An estimated 53,000 settlers came to Oregon between 1840 and 1860. Most of them made the journey over the 2,000 mile Oregon Trail, which stretched from Independence, Missouri to western Oregon. The trip took six to eight months, and many immigrants arrived with their resources exhausted. John McLoughlin supplied food, clothing, temporary shelter, and even jobs to immigrants at Fort Vancouver, despite Hudson's Bay Company orders to the contrary. McLoughin did so in part because he was convinced that it was inevitable that the area south of the Columbia would become American territory. By sending settlers there, he hoped to keep them away from the Company's activities north of the Columbia River. Unfortunately, McLoughlin's authoritarian personality often angered many newcomers and caused settlers to resent him.
By 1846, the United States and Great Britain agreed to divide the Pacific Northwest at the 49th parallel- the present border with Canada. Hudson's Bay Company headquarters had already been moved to Fort Victoria, on Vancouver Island. John McLoughlin resigned his position with the Company and settled in Oregon City. Americans in the Willamette Valley wanted territorial status immediately, yet the debate over slavery in Congress delayed this step.
When white settlers began to arrive, Indians inhabited all of present-day Oregon. Whites failed to understand very much about Indian culture. They considered the Indians to be nomads who drifted purposelessly form place to place. In reality, Oregon Indians moved from winter to summer villages and encampments to hunt, fish, and gather food. In turn, Indians did not understand white customs and traditions. As a result, Indian-white relations were marked by frequent skirmishes during the early period.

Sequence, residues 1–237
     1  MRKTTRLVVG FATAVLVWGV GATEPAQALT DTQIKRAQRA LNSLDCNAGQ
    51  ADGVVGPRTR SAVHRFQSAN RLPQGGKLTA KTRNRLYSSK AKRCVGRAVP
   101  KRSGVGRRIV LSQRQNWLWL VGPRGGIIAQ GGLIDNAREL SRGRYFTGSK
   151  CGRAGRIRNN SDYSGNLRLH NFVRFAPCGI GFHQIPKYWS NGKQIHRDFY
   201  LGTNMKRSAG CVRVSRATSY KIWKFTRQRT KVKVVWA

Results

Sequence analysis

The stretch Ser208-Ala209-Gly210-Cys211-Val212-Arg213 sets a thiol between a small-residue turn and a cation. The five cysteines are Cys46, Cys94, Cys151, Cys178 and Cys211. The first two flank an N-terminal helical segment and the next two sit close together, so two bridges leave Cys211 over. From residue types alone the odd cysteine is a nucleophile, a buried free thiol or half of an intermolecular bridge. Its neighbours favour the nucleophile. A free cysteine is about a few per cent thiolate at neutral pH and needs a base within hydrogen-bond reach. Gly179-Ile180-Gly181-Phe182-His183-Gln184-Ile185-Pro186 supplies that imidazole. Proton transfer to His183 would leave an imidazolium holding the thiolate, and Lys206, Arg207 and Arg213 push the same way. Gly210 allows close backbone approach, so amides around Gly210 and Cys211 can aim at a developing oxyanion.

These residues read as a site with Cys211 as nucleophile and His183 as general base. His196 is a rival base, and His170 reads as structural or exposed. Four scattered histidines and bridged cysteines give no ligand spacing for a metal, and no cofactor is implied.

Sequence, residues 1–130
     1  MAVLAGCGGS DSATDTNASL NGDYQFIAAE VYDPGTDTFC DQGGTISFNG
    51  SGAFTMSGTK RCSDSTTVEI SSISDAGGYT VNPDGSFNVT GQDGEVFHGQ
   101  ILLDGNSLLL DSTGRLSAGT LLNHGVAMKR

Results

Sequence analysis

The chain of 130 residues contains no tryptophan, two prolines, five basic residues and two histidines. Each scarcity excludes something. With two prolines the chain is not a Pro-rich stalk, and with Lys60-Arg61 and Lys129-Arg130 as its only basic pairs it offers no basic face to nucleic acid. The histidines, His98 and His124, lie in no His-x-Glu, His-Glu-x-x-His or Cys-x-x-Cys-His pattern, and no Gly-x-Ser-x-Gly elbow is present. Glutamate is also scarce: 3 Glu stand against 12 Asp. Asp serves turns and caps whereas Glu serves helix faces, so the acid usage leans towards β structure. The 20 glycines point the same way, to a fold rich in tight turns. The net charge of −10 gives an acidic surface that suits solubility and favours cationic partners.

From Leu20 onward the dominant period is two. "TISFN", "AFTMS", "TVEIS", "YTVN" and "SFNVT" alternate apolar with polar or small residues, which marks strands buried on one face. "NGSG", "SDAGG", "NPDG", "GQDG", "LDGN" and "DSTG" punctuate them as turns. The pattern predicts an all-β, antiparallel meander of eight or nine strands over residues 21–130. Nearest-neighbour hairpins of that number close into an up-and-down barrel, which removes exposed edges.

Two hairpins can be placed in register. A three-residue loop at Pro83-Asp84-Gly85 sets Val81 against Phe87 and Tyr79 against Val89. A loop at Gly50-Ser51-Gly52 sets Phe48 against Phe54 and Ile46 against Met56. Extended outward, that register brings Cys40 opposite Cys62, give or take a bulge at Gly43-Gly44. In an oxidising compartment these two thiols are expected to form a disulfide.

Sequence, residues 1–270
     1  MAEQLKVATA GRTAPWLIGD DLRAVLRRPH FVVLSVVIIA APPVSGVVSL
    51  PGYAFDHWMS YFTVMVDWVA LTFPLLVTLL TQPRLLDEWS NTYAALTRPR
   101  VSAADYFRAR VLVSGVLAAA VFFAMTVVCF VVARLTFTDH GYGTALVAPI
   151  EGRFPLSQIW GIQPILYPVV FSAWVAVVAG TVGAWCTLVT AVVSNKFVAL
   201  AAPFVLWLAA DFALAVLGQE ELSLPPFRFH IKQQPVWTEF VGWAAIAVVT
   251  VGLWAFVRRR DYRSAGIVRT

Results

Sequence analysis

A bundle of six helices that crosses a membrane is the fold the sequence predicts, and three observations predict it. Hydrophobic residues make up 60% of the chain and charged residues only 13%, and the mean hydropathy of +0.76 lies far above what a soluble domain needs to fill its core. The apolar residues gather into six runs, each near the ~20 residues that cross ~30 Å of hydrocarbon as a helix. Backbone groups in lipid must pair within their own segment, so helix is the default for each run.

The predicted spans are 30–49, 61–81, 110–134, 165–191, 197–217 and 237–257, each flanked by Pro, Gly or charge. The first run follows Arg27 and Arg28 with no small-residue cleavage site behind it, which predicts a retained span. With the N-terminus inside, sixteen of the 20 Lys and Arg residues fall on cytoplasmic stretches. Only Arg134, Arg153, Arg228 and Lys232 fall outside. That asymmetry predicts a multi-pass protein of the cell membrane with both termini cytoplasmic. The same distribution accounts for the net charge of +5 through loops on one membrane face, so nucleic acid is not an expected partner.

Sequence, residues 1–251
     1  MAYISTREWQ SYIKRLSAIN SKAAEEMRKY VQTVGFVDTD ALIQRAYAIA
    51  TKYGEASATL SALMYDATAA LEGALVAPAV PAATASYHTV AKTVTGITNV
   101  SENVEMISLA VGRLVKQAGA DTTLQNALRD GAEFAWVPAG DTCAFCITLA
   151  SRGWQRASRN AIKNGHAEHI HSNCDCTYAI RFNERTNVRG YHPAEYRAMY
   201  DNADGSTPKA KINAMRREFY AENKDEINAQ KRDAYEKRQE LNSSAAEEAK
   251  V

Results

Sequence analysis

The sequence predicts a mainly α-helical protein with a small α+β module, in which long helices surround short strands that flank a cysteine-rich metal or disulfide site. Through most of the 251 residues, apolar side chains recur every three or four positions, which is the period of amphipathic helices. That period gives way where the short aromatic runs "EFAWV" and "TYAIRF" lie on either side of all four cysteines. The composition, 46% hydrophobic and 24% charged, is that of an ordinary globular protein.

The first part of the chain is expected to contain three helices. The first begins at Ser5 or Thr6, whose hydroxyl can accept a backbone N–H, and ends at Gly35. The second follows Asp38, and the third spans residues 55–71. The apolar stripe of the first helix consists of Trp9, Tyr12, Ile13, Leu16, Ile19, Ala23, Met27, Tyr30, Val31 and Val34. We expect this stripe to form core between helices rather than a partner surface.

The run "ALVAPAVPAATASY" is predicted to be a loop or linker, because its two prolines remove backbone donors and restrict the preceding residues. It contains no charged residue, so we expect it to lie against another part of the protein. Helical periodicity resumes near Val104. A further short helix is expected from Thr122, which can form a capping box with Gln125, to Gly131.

In 1847, Cayuse Indians attacked the Whitman mission at Waiilaptu and killed fourteen people. The immediate cause of the attack was an epidemic of measles, brought by immigrants, which had devasted the local Indians. They believed that Marcus Whitman had introduced the disease to get Indian lands and horses. More fundamentally, however, the conflict between the two cultures caused great tensions between Indians and whites. To make matters worse, as whites came into Oregon, their demands for land increased. The Whitman Massacre and settlers' demands for protection finally caused Congress to move on this issue of territorial status, and Oregon became a United States territory on August 13, 1848.
In 1850, Congress passed the Donation Land Act, which recognized most of the land claims filed under the provisional government. Single white males over the age of twenty-one could claim 320 acres. If they were married, they could claim an additional 320 acres for their wife. Widows could hold title to land, but single women could not.
Territorial officials began their terms on March 3, 1849, in Oregon City, when Oregon was still predominantly wilderness. Homesteads usually consisted of one room log houses with vegetable gardens and a few acres planted in wheat. With little hard currency available, wheat was the primary medium of exchange. Few roads existed, so water was the quickest way to move crops and supplies. Some settlers laid out townsites from their claims. John McLoughlin was the first to do this when he platted Oregon City in 1842.
Despite the steady flow of immigrants to Oregon, many settlers were genuinely isolated. Only five newspapers were published in 1849. Post offices did not appear in most towns until the 1850s, and stage coaches and express companies were just beginning to operate. When gold was discovered in Southern Oregon during the 1850s, the government opened more roads.
During its brief existence, the territorial government was deluged with petitions from citizens who asked for laws in all areas of everyday life. They wanted divorces, schools, and pensions; prohibition of liquor; care for the insane; college charters and release from militia duty. On February 14,1859, as the national debate over slavery was drawing to a close, Oregon was admitted to the union as the thirty-third state.